The other two intersections, Decoto/Fmt. Blvd. and Mowry/Blacow have rt. turn islands.

  • volunteer

    hopefully, they are fighting the “real” crimes in Fremont, while using the cameras to police. It’s all good;) Proceed with(the intersections with) caution!….it’s in the DMV handbook…lol

  • Tim Starr

    What’s the process for getting an initiative on the ballot to ban traffic cameras in Fremont? I’ve checked the city’s web site, and can’t find any information about this.

    As for why there are so many violations at Mowry & Farwell but not Mowry and Blacow, the likely reason is that most of the Mowry/Farwell violations are eastbound, with the violators having just come off the freeway. The lights are timed so that if you’re getting off 880 southbound, you always hit the red light at Mowry/Farwell after waiting at the red light at 880/Mowry. The only way to try to avoid this is to speed from 880/Mowry to Mowry/Farwell. That would obviously lead to a lot more violations there. Meanwhile, the light at Mowry/Blacow is synchronized w/ the one at Mowry/Farwell so that if you make Mowry/Farwell you rarely hit the red at Mowry/Blacow.

  • Gus Morrison


    I’m not taking a aide in this argument because I feel there is value in the program, but to answer your question…

    First off, you need to decide in an initiative is even appropriate in this case. You can do an initiative on a legislative action but not an administrative action (one is done by the council and the other by staff without an ordinance.)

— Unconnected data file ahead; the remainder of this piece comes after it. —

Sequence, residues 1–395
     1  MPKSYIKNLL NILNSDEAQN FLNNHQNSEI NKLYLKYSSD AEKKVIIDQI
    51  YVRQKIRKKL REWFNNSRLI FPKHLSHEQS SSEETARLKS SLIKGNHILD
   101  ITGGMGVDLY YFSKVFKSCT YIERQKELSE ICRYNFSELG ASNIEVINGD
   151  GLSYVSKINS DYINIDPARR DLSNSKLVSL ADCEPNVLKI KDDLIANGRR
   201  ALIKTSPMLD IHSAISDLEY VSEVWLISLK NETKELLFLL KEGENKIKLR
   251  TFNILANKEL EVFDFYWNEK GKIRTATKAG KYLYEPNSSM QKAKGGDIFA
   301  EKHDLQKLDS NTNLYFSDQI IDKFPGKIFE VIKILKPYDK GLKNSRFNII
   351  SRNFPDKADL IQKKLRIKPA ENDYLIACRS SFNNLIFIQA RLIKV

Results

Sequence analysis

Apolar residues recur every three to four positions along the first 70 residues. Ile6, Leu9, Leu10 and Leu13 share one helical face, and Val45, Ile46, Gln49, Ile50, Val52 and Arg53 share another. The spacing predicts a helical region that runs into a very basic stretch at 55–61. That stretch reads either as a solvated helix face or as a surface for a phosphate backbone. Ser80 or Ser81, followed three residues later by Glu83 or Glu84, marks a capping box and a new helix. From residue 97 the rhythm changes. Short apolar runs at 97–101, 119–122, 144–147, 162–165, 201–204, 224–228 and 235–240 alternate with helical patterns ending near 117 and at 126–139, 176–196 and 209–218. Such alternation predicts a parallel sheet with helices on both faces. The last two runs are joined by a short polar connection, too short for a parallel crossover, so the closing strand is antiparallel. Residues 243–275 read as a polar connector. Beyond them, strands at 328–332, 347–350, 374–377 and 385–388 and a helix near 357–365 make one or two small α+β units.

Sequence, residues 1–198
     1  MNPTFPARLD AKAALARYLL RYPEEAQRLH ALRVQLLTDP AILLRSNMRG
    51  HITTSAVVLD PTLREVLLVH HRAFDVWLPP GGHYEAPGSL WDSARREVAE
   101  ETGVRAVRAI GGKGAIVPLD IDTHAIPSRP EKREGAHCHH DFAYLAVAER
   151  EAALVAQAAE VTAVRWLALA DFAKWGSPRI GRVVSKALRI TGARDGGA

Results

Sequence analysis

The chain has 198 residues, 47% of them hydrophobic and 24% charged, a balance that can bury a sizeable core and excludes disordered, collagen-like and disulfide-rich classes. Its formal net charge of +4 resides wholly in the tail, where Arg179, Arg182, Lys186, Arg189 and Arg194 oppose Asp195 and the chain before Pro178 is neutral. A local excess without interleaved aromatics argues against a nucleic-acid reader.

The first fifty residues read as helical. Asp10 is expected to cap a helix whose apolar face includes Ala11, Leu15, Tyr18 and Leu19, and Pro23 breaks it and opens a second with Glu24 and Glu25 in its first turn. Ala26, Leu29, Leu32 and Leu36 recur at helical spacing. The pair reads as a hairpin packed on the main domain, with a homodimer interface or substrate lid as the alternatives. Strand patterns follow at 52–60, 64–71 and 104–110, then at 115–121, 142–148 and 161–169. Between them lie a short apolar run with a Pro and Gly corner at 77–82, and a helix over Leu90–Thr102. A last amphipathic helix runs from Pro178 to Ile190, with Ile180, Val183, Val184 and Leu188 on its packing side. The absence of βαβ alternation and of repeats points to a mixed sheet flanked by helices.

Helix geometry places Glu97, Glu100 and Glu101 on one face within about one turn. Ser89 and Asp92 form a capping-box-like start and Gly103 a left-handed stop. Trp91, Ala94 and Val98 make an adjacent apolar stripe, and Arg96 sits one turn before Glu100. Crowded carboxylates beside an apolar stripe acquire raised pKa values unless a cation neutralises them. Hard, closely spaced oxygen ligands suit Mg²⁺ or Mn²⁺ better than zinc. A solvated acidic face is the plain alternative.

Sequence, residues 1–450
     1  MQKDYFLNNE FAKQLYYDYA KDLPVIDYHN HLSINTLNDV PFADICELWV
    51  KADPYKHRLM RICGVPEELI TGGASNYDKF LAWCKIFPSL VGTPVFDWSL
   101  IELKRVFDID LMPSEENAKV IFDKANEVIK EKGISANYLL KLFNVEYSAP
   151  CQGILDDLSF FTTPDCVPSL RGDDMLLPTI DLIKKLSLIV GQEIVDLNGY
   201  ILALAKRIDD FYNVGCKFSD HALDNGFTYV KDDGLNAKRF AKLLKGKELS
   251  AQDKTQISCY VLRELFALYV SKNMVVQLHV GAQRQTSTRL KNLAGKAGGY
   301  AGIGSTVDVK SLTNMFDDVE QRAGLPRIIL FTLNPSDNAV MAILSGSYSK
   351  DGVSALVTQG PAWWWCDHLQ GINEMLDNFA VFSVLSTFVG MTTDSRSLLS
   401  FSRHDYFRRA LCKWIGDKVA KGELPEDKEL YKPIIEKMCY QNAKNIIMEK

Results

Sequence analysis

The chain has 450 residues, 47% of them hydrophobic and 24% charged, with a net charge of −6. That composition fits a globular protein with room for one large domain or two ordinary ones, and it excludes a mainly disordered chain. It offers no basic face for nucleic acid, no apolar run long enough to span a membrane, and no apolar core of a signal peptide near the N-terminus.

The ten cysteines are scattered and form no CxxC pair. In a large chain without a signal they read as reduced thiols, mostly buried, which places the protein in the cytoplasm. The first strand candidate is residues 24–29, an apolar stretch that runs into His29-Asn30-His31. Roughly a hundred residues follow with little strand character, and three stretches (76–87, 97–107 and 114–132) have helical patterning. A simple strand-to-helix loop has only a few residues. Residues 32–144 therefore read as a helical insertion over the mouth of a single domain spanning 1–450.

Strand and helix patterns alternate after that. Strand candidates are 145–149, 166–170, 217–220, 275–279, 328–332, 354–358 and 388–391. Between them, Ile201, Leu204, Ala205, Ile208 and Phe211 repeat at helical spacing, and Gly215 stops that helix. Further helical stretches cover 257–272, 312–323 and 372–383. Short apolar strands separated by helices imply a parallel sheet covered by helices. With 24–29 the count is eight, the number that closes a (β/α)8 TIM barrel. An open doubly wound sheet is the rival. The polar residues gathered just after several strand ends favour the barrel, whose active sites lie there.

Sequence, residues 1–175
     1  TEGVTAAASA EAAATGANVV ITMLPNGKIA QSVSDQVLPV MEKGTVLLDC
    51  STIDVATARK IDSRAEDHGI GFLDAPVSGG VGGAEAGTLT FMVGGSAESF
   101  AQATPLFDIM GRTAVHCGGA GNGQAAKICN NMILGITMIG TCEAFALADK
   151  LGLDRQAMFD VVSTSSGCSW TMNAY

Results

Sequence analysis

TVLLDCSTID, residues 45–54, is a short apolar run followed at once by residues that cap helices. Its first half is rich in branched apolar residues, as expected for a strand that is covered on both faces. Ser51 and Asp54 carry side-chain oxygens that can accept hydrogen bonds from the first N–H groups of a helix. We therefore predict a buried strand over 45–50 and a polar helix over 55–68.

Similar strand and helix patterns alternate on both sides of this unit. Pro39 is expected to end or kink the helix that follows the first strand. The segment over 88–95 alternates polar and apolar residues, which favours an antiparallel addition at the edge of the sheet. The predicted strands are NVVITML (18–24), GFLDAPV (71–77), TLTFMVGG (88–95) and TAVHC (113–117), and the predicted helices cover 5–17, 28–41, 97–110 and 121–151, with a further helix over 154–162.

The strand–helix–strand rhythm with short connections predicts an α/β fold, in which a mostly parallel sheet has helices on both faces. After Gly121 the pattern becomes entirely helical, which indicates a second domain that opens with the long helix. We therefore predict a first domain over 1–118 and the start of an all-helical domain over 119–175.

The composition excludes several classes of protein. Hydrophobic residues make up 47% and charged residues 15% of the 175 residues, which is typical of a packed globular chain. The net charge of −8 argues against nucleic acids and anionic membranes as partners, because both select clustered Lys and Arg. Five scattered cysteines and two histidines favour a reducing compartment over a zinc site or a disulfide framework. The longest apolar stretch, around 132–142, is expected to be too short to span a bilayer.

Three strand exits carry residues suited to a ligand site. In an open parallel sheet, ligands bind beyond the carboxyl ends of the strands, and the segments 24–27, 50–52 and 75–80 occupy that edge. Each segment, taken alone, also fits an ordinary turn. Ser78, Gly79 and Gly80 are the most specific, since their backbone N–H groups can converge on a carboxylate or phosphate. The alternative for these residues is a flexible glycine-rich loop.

Once you decide it is an appropriate action, you have something like six months to collect the signatures of 10% of the registered voters in Fremont, about 9500+/- signatures, along with a cushion to make sure you have the correct number of valid signatures (40-50%), so you would need to collect about 13,000 signatures. Once they were verified, the council could enact your ordinance or place the issue on the next regularly scheduled council election (November 2012).

    There are more specific steps and you can find them in a booklet published by the Secretary of State about municipal initiative, referendum, and recall. Or, you can find the issue in state law, which is also available on line.

    Initiative is a lot of work. My personal best is 12 signatures an hour, so 13,000 signatures would require about 1000 person hours to collect.

  • Tim Starr

    I bet you could easily get 50 signatures in an hour between 7AM & 8AM in front of the Fremont courthouse, from all the people waiting in line for walk-in traffic court, 4 days a week.